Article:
My luck with the two prominent wild cats of the Americas is good and bad. I have had pretty good luck seeing bobcats. They survive in many different environments; from British Columbia south to central Mexico and east to the Atlantic and I've seen them throughout their range, including the Marin Headlands. Their northward range is limited by deep snow and the presence of the larger Canada Lynx, which regularly kill bobcats especially in times of prey shortage. And in spite of being heavily trapped and persecuted by humans and much habitat lost, bobcats are thriving even in the suburbs. There may be over 1 million in the United States. Here in the Bay area they mostly feed on rodents, rabbits, reptiles and birds. They occasionally will kill black tailed deer, especially fawns.
Mountain lions on the other hand have eluded me. In spite of countless hours in the great outdoors, I have only seen one in my entire life and that was an elusive glimpse. I've seen plenty of tracks and scat but not the cat. Mountain lions have three claims to fame. First, they have the greatest north-south range of any land mammal in the world, from British Columbia all the way to southern Chile, frequenting a wide range of habitats from the rain forests to the Patagonian steppe desert.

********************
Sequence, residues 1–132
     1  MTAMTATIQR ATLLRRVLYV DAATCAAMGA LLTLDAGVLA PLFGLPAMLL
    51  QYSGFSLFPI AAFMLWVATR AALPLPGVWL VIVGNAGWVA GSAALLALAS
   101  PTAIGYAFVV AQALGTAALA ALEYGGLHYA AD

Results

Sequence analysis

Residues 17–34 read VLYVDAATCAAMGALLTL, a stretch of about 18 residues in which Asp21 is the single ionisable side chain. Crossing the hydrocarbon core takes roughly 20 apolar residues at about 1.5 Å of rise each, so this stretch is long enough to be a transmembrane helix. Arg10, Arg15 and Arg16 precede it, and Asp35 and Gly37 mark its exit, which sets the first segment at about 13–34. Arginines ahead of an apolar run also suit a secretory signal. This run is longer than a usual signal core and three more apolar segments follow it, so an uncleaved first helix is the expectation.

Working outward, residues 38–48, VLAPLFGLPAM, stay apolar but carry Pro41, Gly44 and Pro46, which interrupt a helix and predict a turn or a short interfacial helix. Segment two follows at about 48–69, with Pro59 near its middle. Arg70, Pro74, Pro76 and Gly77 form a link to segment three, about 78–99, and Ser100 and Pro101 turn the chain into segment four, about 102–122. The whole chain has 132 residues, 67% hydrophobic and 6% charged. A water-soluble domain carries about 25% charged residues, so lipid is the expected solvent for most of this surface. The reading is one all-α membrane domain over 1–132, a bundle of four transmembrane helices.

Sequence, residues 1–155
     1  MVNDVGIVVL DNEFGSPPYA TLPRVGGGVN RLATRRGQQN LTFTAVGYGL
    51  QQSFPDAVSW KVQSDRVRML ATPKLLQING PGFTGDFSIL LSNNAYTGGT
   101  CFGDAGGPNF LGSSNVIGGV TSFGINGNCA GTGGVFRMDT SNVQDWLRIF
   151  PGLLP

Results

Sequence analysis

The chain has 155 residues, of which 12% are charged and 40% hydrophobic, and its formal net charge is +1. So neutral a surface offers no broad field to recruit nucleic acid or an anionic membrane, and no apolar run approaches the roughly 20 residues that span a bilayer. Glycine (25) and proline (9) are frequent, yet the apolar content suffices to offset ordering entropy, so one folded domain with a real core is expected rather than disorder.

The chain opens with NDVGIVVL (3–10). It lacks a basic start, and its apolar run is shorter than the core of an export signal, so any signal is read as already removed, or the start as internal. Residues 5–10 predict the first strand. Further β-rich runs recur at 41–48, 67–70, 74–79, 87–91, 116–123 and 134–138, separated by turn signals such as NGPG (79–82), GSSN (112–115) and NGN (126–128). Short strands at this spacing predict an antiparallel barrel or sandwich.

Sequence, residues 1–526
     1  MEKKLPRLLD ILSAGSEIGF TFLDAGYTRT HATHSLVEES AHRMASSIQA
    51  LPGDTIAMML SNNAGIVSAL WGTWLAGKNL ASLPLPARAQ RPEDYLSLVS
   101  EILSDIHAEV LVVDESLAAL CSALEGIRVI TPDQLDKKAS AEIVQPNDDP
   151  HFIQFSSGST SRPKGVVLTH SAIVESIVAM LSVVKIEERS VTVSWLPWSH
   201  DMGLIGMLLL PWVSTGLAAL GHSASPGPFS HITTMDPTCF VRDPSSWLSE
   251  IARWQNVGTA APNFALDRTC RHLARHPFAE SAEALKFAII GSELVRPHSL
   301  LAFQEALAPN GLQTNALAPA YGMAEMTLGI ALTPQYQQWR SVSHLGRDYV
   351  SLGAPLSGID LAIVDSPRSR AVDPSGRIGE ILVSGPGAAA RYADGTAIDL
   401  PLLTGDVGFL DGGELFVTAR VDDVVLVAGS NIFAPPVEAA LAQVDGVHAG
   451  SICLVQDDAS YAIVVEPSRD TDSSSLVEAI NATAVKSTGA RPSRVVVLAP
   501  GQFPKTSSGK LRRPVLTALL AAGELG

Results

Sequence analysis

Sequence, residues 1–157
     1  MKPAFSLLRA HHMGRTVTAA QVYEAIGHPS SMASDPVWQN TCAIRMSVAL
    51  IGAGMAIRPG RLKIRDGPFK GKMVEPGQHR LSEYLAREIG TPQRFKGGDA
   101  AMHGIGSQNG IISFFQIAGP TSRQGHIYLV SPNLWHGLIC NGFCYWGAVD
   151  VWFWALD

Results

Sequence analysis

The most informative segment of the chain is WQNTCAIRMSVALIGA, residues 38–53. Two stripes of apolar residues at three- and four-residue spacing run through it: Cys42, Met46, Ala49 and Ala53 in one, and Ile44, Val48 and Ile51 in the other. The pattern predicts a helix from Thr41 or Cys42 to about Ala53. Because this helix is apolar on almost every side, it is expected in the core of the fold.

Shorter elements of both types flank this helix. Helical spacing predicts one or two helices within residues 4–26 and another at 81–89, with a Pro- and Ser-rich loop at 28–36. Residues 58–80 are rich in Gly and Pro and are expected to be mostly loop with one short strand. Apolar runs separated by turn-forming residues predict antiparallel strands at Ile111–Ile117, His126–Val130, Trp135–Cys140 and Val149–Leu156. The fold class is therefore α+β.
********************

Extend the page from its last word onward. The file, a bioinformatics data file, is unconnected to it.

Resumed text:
They have greatest number of common names of any mammal -- cougar, panther, puma, catamount and painter are a few of the English names. And they have several dozen Native American names from the various tribes in the Western Hemisphere. Finally, cougars have been found at higher elevation than any other cat. One was seen at 19,000 feet in the Andes.
But no matter where I go they don't find me. In 1991 California banned hunting of mountain lions, although some states like Idaho, as we have recently seen, still permit it. The population has steadily increased and though attacks on humans continue to be extremely rare, the increase in both human and cat population has increased the encounters. Just not with me.